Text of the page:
• There may be population differences in the esthetics processor between different groups of humans as well as in the relation of the esthetics processor to other boxes.
 From the brain discussion, Paul went on to address how beauty relates to the bigger issues, offerign his views of the problems and his solutions.

Social/political and personal considerations ...

"Is the "real problem" that beauty is exclusive, that whoever "has" it (I'm thinking now of beautiful women) has the power? And/or that whoever gets to define it (I'm thinking now of the male gaze) exercises power?" ... Forum
 "unlikely to be abolishable" . . . because the need to see beauty is inherent in us?

From biology/neurobiology (leaving sex/gender aside for the moment)

The category of "beauty" is unlikely to be abolishable without either
1) universal very-difficult-perhaps-impossible brain surgery or
2) universal very-difficult-perhaps-impossible psychotherapy

Even if one could, one would probably not be wise to abolish the category since "beauty" as a discriminative category is a resultant of evolution and likely to have some value.

Paul quotes me for one example of "why" beauty has a purpose.


As a second example, he quotes from Ted Chiang's "Liking What You See.."

. . . beauty is misused . . .

"An interest in beauty is generative" (Burgmayer)

"This doesn't mean I agree with my parents' having me grow up with calli. I still think they were wrong; they thought getting rid of beauty would help make a utopia, and I don't believe that at all. Beauty isn't the problem, it is how some people are misusing it that's the problem ... I don't know, maybe this wasn't a problem back in my parents' day. But its something we have to deal with now." .... "Liking What You See: A Documentary" in Stories of Your Life and Others, by Ted Chiang

For the same reasons, efforts to try and get people to feel/believe that "everything is beautiful" are both undesirable and likely to fail.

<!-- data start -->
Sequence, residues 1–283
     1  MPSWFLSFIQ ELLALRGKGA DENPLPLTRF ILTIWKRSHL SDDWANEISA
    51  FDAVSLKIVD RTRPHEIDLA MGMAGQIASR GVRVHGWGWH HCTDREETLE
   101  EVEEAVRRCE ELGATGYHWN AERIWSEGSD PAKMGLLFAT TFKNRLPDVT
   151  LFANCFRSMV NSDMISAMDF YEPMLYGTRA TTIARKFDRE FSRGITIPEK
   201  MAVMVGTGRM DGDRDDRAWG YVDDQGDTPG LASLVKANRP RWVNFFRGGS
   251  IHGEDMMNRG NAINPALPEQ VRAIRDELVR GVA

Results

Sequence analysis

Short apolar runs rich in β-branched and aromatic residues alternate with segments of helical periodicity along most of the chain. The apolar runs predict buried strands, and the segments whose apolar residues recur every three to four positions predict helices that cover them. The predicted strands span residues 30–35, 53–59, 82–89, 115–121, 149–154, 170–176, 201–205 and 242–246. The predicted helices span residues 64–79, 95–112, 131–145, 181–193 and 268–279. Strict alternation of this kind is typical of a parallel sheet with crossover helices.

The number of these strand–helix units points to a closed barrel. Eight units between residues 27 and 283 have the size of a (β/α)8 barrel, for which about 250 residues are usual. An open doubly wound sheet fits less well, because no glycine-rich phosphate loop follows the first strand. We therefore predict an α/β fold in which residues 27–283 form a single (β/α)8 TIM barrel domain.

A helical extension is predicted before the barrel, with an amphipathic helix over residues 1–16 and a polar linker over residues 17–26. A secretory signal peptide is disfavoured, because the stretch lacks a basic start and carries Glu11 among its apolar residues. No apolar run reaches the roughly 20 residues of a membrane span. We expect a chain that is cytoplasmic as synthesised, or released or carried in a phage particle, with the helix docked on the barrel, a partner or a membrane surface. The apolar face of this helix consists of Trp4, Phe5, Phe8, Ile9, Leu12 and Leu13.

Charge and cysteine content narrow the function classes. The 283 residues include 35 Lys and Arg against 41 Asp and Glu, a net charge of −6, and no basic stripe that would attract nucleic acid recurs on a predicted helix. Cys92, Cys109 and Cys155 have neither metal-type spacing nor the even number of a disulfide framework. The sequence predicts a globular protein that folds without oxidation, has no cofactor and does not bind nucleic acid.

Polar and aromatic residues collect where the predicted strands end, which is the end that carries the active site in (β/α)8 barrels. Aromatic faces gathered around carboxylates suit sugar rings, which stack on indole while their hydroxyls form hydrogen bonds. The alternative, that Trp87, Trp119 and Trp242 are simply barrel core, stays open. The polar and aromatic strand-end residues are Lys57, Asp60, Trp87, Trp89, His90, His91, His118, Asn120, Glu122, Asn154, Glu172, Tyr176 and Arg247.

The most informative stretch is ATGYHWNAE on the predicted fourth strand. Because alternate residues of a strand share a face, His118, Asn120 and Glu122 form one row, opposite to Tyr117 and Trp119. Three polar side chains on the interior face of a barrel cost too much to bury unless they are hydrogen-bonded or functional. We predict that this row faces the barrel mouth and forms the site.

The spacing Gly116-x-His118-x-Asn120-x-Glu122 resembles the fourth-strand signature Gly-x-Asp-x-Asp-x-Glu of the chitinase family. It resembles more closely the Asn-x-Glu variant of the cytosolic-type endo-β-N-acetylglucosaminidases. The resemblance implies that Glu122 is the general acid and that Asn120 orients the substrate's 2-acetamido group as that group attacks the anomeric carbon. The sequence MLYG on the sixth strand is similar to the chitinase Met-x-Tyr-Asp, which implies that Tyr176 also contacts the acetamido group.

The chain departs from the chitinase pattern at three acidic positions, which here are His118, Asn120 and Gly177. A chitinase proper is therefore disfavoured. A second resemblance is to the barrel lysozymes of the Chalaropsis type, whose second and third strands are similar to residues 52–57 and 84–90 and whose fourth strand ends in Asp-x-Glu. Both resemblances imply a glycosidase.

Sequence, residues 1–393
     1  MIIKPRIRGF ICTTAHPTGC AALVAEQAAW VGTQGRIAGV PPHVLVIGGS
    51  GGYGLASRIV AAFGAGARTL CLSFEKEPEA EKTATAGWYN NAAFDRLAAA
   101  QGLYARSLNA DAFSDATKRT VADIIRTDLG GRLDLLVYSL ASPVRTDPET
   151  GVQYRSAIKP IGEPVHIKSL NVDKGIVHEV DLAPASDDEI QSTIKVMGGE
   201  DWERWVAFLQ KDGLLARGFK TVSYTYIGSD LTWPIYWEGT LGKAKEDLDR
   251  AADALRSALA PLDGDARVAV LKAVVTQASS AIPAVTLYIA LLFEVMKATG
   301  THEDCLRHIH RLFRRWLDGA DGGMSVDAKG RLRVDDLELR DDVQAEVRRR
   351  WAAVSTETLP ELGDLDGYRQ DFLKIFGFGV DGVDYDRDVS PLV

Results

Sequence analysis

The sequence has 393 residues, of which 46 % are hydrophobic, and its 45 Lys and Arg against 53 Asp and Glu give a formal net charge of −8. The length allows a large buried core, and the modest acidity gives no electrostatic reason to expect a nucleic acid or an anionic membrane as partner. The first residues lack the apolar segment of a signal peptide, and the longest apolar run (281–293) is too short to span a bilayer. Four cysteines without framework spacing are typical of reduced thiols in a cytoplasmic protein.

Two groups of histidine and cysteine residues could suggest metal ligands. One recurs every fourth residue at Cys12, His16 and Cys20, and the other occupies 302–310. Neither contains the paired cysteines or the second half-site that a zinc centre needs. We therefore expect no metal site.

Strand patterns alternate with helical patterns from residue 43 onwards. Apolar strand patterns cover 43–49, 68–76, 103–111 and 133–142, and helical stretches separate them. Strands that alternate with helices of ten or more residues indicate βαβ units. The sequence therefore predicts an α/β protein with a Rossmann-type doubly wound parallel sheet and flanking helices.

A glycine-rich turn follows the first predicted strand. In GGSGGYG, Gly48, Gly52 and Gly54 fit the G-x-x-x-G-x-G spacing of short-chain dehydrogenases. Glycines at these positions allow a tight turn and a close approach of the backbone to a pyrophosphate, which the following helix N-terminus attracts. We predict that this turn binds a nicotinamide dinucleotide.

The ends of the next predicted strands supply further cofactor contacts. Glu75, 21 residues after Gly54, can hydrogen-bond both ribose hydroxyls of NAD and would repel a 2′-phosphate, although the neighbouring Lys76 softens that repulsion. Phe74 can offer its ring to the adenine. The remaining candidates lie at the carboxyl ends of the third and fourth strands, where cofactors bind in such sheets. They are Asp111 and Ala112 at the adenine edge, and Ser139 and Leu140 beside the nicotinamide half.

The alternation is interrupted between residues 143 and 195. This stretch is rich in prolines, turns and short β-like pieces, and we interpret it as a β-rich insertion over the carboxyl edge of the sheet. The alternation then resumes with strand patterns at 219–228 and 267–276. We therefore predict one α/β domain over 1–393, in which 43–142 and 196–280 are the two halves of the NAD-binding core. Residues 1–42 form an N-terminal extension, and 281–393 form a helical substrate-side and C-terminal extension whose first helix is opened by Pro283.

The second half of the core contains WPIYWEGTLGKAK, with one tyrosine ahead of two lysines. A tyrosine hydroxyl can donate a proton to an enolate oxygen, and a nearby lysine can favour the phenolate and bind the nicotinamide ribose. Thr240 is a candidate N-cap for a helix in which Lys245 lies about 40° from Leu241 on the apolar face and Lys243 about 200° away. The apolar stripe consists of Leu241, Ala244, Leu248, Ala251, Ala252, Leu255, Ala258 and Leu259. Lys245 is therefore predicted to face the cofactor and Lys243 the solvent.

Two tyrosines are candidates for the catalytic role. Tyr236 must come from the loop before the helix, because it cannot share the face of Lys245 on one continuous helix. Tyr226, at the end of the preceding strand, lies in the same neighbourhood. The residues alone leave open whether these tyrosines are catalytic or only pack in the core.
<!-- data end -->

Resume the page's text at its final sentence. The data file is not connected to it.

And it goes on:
Beauty . . . or appearance?




"...being beautiful" . . .

or appearing beautiful?


And, do appearances gain (undue) importance and power when the label "beauty" is co-opted?


(I think) there's a BIG difference, and it's not hard to discriminate.






"Olympia", Edouard Manet

(my addition)





An alternative approach (accepting that the "real problem" IS related to human sex/gender/power) ... with appreciation for feminism (and, nonethless, trepidation)

Starting position (from neurobiology): "I am, and I can think, therefore I can change who I am"

And from feminism: women in the past needed "men's gaze" to achieve influence, found it easiest to do so by being beautiful, were subject to exploitation/opression for that reason

What do you think about this?

Are "women much more concerned about beauty than men, who consider beauty one of a significant number of different desirable attributes" ???

Liz: "we are addicted to beauty".

Are we????

Or are we addicted to reacting to appearances without risking a deeper "look"— a look at one's "soul". . .

Currently (this symposium, but with head protected):

Women are much more concerned about "beauty" than men, who consider beauty one of a significant number of different desirable attributes. This difference is certainly abetted by culture but may well be to some extent both desirable and ineradicable.


He didn't.

(survive, that is)

". . .among equally significant ones"???

Suggestion (if I survive this far): women might be better off if they developed the ability to treat "beauty" more as (viva la difference) one desirable attribute among many equally significant ones, in themselves, in others, and in the things they/others create.

Durer "Adam and Eve"
> > > > >


"We are the artists of the beauty around us. "

Maybe if we can all learn to enjoy the richness of diversity, we can all keep and enjoy "beauty" too ... each in our own way

Additional Threads (from this symposium) that segue into your assignment for Thursday . . . .

Koggel -

"Beauty" has substantial political/social and personal significance ... and some relation to "power"

Lord -

The power, personal, and political/social significance of "beauty" is not invariant. It differs for different people, at different times in history, and at different times in individual lives.

Levine -

"Beauty" relates to the "unconscious" ... and to mystery/tension?

Albano -

One's sense of what is beautiful, and one's sense of its significance, can be affected by thinking and by experience/culture

Burgmayer -

Beauty relates to a creative force